The Wit and Wisdom of Richard Wyckoff

dbphoenix

Legendary member
6,952 1,244
Figuratively speaking, the small trader should imagine himself as a hitch-hiker in the market. For the ordinary hitch-hiker, someone else supplies the car, chauffeur, oil and gas. When he thinks the car is about to go in his direction, he jumps aboard and rides as far as he thinks the car will go. When he notices the machine has been stopped by a red light, or is about to turn a corner and go in some other direction, or that the car is running out of gas, or the brakes failing to work properly, he steps off and figures he has secured about as long a ride as he may expect. All he has supplied in this transaction is a modest commission and whatever brains were necessary to observe and recognize the opportunity when to get on and off.

RW

See also The Wit and Wisdom of Justin Mamis
 
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dbphoenix

Legendary member
6,952 1,244
The experience of the past few years has emphasized the value of disregarding all considerations except those which relate to price movement, volume and time. If one is endeavoring to realize profits from the principal swings in prices of stocks, it is my opinion that he should disregard fundamental as well as corporate statistics relating to the stocks in which he is trading, stick closely to a study of the action of the market and become deaf and blind to everything else.

RW
 

dbphoenix

Legendary member
6,952 1,244
You must always be on the lookout for a change in the immediate trend. It is likely to change its direction from one to three times in a single session. This is how you detect the change: In an up trend, when the selling waves begin to increase in time and distances or the buying waves shorten. Either or both will be an indication of a change in the immediate trend. Apply the same reasoning to a down trend. Watch closely for these changes for they tell you when to buy and sell; when to get long or short; when to close your present trade and reverse your position.

RW
 

daytradingUK

Member
72 1
dbphoenix I know you are probably a lot more experienced than me (only been trading a few years) but do you use any indicators for your trend analysis such as Aroon or ADX or just simply watching support and resistance / trend plots?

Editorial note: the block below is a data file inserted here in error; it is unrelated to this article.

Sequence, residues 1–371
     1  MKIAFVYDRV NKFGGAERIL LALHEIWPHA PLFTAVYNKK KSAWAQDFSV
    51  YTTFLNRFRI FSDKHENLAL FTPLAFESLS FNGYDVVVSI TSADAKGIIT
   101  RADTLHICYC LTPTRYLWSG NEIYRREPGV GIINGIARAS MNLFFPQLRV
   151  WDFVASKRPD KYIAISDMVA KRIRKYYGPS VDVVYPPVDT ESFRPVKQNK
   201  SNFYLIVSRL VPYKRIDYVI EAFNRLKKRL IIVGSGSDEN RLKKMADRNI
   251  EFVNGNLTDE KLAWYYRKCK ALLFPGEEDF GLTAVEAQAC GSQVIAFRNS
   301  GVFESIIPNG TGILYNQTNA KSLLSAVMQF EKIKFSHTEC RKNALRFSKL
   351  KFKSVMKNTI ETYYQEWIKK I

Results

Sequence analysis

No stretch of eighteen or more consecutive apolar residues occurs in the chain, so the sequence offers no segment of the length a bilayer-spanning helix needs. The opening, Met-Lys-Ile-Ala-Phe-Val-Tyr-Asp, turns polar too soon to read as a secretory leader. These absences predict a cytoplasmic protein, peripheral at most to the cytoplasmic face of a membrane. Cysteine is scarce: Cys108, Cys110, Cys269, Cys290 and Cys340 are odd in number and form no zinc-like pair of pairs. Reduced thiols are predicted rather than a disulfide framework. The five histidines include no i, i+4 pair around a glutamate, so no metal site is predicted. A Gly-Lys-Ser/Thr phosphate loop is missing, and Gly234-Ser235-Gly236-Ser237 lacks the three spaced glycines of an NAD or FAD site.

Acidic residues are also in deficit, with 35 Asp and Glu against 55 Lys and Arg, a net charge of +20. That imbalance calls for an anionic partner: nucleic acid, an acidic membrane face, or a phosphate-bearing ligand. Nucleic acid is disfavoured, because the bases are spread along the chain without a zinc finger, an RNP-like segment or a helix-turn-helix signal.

dbphoenix

Legendary member
6,952 1,244
At one time or another, I've played with just about everything, but none of it ever tested out. But one benefit of my experimentation was that it prompted me to read the original works on MACD, stochastics, etc, in order to find out how they were calculated and why they were calculated that way. That enhanced my ability to interpret price movement. Plus it enabled me to "see" the indicator without plotting it.

The end result is the same as being taken by the hand and building a car from raw materials to finished product as opposed to being presented with the finished product as is.

I do use the TICKQ in order to see what's happening with advancing and declining issues, but the TICKQ is not an indicator (as distinct from something like TRIN).
 

daytradingUK

Member
72 1
Thanks for the response I was just curious, I am still using a mix of price action with some TA - such as Bolly band pinches, etc... I try and use candles although my understanding of price action is probably still developing
 

dbphoenix

Legendary member
6,952 1,244
daytradingUK said:
Thanks for the response I was just curious, I am still using a mix of price action with some TA - such as Bolly band pinches, etc... I try and use candles although my understanding of price action is probably still developing
I also went through bands, envelopes, channels, but they never told me anything that price didn't. In fact, they can often persuade one into doing the opposite of what he ought to be doing.